I really enjoyed this story, and the opportunities it opens up for discussions on some quite challenging themes such as loss, death and re-birth. Though these aren’t explicit themes within the text, the simplicity of the narrative acts as a wonderful stimulus for exploring the tale further – who is this young boy and why is he worried about these things disappearing?

The repetition will also appeal to young readers, and make it particularly accessible for a range of abilities. The young boy asks “when blossom goes, does the word ‘blossom’ die…can there ever be blossom again?” This theme recurs until the boy’s father counters one day that “new blossom has been born. The word ‘blossom’ is alive again.” It reminds me of a page in Elke Becker’s book What happened to Daddy’s Body which uses the symbolism of the seasons and life cycle of a leaf to help a young boy understand his grief over the loss of his father. The illustrations are also really interesting, made up as they are from a collage of textile, pencil sketches and paint or print work. A great starting point for some fun and creative art lessons which incorporate a variety of mediums and encourage children to be experimental with their pictures.


A Rainbow in My Pocket
Author: Ali Seidabadi
Illustrator: Hoda Haddadi
Translator:Azita Rassi
ISBN:  9781910328125 

Reading age:
Under 5’s (though 6 – 11 as a stimulus for literary or philosophical enquiry) 

This is a wonderful book which is an elegant introduction to the beauty of poetic verse in literature. The author is both writer and poet for children and this is evident from the lyrical prose and the abstract but encompassing nature of the piece. On reading this book I felt immediately drawn back to my childhood, thoughts and questions about the world around jumping and dancing from one to another. The use of repetition and the sometimes unusual framing of the text is a great way to open a dialogue with children about breaking the constraints of ‘everyday’ writing, and would perhaps give those less able writers the confidence to have a go – there is no ‘right’ or ‘wrong’ way of delivering a story. The illustrations are beautifully simplistic in style, punctuated softly with flashes of primary colour and full of character, they perfectly complement and enhance the moods created within the writing and the sense of childhood innocence and being carefree.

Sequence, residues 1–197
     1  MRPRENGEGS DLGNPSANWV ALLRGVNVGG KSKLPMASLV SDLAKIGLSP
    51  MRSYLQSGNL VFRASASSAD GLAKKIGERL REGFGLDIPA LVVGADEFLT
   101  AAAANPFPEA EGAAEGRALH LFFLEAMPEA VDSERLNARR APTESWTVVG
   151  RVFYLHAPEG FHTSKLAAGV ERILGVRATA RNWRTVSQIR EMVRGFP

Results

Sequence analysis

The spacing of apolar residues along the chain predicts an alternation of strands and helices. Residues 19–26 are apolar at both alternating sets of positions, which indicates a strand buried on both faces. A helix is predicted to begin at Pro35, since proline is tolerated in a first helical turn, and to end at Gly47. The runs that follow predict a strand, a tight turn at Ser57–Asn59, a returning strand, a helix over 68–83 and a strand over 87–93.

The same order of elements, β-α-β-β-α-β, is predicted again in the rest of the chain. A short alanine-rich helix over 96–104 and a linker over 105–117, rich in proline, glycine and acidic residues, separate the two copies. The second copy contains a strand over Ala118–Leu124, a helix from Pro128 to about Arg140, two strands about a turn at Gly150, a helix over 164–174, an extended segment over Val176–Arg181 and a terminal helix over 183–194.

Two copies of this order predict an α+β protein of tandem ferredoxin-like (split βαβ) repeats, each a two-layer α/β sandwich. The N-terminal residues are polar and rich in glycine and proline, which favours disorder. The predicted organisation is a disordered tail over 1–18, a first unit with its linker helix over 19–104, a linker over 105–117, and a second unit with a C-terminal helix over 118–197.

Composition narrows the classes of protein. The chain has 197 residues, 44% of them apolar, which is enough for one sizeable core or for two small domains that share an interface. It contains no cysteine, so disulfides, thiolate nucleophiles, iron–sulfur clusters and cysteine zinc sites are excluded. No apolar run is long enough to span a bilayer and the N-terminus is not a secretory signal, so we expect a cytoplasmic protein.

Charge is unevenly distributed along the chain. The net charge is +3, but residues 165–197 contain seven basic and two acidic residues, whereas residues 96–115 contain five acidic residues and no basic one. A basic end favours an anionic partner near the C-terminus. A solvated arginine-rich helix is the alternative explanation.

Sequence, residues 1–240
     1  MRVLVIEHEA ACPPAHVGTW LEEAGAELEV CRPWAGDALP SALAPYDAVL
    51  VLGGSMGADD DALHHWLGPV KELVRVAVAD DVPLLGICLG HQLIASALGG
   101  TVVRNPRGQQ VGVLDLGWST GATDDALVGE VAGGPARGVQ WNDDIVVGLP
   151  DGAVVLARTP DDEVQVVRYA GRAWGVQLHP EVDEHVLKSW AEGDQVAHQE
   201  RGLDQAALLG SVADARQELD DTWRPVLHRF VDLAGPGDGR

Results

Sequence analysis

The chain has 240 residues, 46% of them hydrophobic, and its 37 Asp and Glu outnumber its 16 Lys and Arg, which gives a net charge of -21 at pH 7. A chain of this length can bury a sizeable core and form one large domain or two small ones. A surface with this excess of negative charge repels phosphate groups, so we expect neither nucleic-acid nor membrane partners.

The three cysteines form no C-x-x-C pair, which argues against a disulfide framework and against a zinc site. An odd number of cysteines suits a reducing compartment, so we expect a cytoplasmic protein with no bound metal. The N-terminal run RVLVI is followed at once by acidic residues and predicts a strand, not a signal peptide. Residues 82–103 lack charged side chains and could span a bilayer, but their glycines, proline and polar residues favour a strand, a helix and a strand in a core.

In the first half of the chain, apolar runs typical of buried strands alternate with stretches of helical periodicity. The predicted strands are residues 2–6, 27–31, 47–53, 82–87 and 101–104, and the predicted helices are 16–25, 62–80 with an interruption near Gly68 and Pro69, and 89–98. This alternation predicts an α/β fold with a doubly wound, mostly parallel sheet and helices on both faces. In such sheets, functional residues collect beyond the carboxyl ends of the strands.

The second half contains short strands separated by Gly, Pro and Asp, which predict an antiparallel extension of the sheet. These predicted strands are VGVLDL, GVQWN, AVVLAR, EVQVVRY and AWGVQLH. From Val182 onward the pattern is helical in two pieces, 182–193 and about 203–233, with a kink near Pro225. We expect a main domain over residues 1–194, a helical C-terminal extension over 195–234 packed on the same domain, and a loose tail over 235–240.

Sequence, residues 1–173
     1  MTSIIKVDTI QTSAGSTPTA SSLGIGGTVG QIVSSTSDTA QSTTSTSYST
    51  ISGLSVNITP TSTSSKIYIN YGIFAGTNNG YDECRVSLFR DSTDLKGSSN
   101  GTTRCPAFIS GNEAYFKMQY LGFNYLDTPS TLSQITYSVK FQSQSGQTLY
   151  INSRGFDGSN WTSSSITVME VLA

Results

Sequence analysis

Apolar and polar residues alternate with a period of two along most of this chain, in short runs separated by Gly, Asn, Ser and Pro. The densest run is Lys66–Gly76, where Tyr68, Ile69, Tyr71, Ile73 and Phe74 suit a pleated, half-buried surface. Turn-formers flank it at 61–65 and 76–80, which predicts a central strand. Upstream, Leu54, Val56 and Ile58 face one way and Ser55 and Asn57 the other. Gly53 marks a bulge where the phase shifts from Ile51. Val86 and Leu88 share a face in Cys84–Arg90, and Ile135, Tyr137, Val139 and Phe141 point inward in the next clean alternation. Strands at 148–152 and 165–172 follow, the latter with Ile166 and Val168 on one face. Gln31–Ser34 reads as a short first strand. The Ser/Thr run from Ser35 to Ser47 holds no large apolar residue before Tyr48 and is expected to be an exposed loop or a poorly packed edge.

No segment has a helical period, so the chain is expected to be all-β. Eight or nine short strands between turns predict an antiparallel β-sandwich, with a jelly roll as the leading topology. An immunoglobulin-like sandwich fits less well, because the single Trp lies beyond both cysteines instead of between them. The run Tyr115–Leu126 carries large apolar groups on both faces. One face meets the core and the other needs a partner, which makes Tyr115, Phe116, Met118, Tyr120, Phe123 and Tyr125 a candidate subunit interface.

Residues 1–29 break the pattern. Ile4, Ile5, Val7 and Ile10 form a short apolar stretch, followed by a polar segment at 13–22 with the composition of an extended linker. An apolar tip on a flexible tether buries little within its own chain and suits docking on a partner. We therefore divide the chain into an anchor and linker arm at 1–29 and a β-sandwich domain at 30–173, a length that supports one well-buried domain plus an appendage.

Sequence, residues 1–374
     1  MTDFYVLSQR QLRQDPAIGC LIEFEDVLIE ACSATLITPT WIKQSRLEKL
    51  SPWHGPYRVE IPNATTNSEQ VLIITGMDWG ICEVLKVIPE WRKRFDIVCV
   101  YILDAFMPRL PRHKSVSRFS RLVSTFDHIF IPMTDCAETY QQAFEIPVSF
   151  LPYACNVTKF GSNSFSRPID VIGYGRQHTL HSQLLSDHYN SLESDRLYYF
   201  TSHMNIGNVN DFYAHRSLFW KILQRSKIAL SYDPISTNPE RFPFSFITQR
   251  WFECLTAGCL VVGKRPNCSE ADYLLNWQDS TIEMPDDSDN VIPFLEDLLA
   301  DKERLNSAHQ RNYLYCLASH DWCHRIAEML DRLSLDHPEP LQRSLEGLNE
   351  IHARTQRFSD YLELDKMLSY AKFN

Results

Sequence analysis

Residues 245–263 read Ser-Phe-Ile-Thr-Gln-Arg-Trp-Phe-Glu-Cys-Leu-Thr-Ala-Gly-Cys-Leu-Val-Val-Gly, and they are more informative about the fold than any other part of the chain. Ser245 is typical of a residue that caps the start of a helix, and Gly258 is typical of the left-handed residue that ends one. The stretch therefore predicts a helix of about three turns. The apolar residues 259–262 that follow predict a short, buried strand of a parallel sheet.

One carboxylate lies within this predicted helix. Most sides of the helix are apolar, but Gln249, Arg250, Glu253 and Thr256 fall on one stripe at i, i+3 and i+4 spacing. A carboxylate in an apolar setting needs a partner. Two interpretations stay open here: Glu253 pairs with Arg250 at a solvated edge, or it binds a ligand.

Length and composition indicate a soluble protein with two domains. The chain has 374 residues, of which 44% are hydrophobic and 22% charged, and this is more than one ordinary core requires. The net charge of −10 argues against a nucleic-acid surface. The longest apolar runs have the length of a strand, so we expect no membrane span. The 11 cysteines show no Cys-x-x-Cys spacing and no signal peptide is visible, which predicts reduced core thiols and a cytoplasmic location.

The way in which A Rainbow in My Pocket is written and illustrated gives a fantastic insight into the curiosity of childhood, and the excitement of the new in the everyday. There would be plenty of opportunity to use this book within a creative writing or art lesson, but also as a stimulus for a Philosophy for Children enquiry – questions around perception, truth and even mindfulness. It would therefore be a fantastic addition to a school library as part of ESDGC and could be used with both Foundation Phase/KS1 and KS2.


The Boy Who Cried Wolf
Author: Mahni Tazhibi
Illustrator: Mahni Tazhibi
Translator: Azita Rassi 
ISBN: 9781910328040

Reading age: Under 5’s (and 6 – 8 as a stimulus for philosophical enquiry)

This story will be familiar to many young readers as it also features amongst Aesop’s fables. The exact origins of tales like this are often hard to pinpoint, as they evoke such strong and constant themes irrespective of time and place and therefore crop up in much global folklore and mythology. This particular translation was first published in Persian in 2012 and was published in English by Tiny Owl in 2015. The illustrations are bright and will appeal to a young audience, with references on each page which relate directly to the text (for example the image of the wolf in the young boy’s mind) which will help readers of all abilities to access this story. The effect of the imagery is like that of a 3D pop-up and so there would be amble opportunity to extend to an arts lesson and to recreate some of the illustrations within the story.